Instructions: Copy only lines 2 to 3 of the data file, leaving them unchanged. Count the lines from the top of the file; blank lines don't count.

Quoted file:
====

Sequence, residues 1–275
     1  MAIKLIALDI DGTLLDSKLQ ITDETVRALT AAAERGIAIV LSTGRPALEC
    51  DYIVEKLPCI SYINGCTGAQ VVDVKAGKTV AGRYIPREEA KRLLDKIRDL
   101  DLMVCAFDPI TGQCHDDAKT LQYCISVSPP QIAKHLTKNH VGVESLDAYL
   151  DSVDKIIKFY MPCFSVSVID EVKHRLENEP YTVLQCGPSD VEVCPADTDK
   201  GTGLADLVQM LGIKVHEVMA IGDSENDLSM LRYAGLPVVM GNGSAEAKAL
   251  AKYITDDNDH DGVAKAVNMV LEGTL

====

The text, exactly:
     1  MAIKLIALDI DGTLLDSKLQ ITDETVRALT AAAERGIAIV LSTGRPALEC
    51  DYIVEKLPCI SYINGCTGAQ VVDVKAGKTV AGRYIPREEA KRLLDKIRDL